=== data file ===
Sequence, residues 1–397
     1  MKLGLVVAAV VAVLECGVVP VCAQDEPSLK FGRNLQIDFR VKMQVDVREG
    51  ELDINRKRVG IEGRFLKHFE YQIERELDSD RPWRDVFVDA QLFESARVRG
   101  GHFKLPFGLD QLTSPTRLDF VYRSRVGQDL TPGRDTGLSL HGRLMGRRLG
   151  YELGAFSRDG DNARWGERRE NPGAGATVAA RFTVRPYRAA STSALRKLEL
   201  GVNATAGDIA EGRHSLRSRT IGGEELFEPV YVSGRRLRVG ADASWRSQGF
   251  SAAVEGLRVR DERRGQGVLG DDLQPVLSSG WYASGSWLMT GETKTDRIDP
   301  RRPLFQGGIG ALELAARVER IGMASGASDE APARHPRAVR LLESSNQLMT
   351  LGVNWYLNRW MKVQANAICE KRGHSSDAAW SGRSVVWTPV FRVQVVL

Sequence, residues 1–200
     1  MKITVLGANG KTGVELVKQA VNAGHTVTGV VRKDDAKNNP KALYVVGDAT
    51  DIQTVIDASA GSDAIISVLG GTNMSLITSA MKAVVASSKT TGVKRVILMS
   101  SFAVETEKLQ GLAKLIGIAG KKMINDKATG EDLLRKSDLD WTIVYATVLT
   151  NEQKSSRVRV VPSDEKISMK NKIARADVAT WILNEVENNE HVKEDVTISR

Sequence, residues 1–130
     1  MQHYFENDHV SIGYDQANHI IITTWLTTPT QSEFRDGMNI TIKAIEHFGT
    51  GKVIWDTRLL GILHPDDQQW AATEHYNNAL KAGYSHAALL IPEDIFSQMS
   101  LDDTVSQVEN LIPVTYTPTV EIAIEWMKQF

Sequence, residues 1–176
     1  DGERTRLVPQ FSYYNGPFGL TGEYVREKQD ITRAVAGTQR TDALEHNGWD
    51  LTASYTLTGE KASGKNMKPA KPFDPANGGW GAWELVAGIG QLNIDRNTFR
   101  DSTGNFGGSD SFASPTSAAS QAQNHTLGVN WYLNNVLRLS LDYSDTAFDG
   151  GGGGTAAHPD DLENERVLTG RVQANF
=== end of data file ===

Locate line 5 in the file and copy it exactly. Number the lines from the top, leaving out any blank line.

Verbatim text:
   151  YELGAFSRDG DNARWGERRE NPGAGATVAA RFTVRPYRAA STSALRKLEL